Chult’s riches are not exaggerated in the slightest. Satraps of Calimshan send a constant stream of slaves into the jungles to carve roads through the fast-growing vines and creepers and reach known mines and ruined cities. Most perish, but a few escape to tell colorful tales of extensive caves underlying the jungles haunted by gigantic bats or cloakers, and of ruined cities choked with coins and gems and lurking monsters, where only vines hold up the crumbling stones and weird six-headed snakes slither and even fly. They speak of the fabled city of Mezro, where the Chultan priest-kings dwell, worshiping strange deities…and of the eerie creatures known as deepspawn that vomit forth living duplicates of creatures they’ve devoured before.
Peaks of Flame: Home to salamanders and other fiery creatures, the Peaks of Flame stand over a pair of iron doors that lead to the realm of the dead. When the doom of the world approaches, Dendar the Night Serpent (a terrible monster that feeds on the unremembered nightmares of all creatures) will break down these doors and escape into Toril.
Valley of Lost Honor: A place surrounded by the thickest parts of the jungle, this valley was the last refuge of the Eshowe before they were destroyed. The entire wealth of the Eshowe may be hidden in caves here, but other legends say that the evil deity Eshowdow (Shar in another guise) resides here, recruiting followers and planning for revenge. The surrounding jungle teems with great numbers of Batiri and natural predators.
Wild Coast: The rocky, inhospitable stretch of Chult’s southwestern coastline creates a hazard for ships. Sailors give it a wide berth, for whirlpools, shifting gale-force winds, and aquatic monsters are all common, and above, flying dinosaurs battle giant eagles for supremacy of the skies. Brave or foolish folk explore the caves along the coast, hoping to find tunnels leading to the rich mines that lie under the jungle.
Despite the dangers from the jungles, determined folk still manage to carve out civilized areas for themselves and for visitors to the country.
Fort Beluarian (Hamlet, 313): This outpost belongs to the Flaming Fist, a mercenary company based in Baldur’s Gate. Its membership includes rangers, wizards, clerics, and a large number of fighters who hire themselves out for any venture that doesn’t serve an evil purpose. They are well supplied and familiar with the jungle, and they even let desperate adventurers stay in the fort for the night if in great need.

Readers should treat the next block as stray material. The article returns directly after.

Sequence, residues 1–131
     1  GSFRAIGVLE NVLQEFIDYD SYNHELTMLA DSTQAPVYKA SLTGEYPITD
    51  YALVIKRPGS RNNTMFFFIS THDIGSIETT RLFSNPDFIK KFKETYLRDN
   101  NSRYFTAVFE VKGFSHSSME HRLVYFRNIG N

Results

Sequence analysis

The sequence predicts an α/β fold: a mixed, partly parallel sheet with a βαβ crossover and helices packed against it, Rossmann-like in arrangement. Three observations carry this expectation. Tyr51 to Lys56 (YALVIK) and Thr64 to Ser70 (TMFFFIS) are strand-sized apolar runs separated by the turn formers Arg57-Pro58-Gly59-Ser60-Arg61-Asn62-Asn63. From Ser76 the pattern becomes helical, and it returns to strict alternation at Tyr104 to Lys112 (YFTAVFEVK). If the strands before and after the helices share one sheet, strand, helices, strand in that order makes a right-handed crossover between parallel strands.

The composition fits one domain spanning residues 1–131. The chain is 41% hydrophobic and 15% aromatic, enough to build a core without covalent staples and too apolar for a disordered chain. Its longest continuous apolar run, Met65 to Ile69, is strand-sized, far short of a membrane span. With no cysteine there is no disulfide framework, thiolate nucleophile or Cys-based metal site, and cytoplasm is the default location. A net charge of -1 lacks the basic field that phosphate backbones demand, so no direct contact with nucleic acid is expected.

Mezro (Metropolis, 28,126): Mezro is the largest civilized area in Chult. In past years, a magic wall surrounded the city, preventing it from being seen and causing confusion in those who approached too closely. This protection was lowered in 1363 DR after a victorious battle against the Batiri goblins. It is now safe haven for explorers battered by the jungle.
Mezro is a holy city to the Chultan tribes, and it is generally peaceful, with few people carrying weapons other than utilitarian knives. Any chronic lawbreaker is tattooed with a blue triangle on the forehead and exiled. Ubtao’s undying baras, six paladinlike Chosen who exist to protect the city from all harm, rule Mezro.
The city has its own college of wizardry, although it is generally closed to non-Chultans. After studying at Mezro for several years, wizards generally go back to their native tribes. Only rarely do Chultan mages travel to the other regions of Faerun to find their fortunes.
Port Nyanzaru (Small City, 9,375): The major trading center in Chult, this port town’s harbor was designed with defense as its first priority, since many pirates roam these waters. It is rumored that the harbormaster pays tribute to a powerful dragon turtle that drives away all other sea monsters.
Millennia ago, the deity Ubtao created the jungle and populated it with creatures. Four thousand years ago he built the city of Mezro with his own hands and empowered the baras--his Chosen--to defend it. Eventually Ubtao tired of the constant demands of the people in the city and retreated, allowing the baras to rule Mezro in his stead.
Realizing that the act of creation had distanced him from mortals, Ubtao imbued a portion of his essence in the land, creating nature spirits and inadvertently drawing the attention of a dark shadow. A tribe of humans called the Eshowe freed this shadow-creature, Eshowdow, who attacked Mezro only to be driven back after causing great destruction. In retaliation, a bara called Ras Nsi hunted down and killed the entire Eshowe people. Most Chultans have forgotten the Eshowe and Ras Nsi’s ancient crime.
Several years ago, the undying King Osaw (LG male human Pal15, Chosen of Ubtao) opened Mezro to the outside world again. Trade goods now flow back and forth to the rest of Faerun.
((This information was taken from the Dungeons & Dragons Forgotten Realms Campaign Setting Manual))